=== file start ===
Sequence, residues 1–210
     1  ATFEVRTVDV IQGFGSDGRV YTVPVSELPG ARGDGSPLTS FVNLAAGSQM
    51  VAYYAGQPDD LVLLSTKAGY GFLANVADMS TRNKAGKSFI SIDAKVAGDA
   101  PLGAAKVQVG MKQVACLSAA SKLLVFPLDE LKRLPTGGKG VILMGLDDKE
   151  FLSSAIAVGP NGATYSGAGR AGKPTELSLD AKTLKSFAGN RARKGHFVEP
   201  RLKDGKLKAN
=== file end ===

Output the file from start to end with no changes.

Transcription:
Sequence, residues 1–210
     1  ATFEVRTVDV IQGFGSDGRV YTVPVSELPG ARGDGSPLTS FVNLAAGSQM
    51  VAYYAGQPDD LVLLSTKAGY GFLANVADMS TRNKAGKSFI SIDAKVAGDA
   101  PLGAAKVQVG MKQVACLSAA SKLLVFPLDE LKRLPTGGKG VILMGLDDKE
   151  FLSSAIAVGP NGATYSGAGR AGKPTELSLD AKTLKSFAGN RARKGHFVEP
   201  RLKDGKLKAN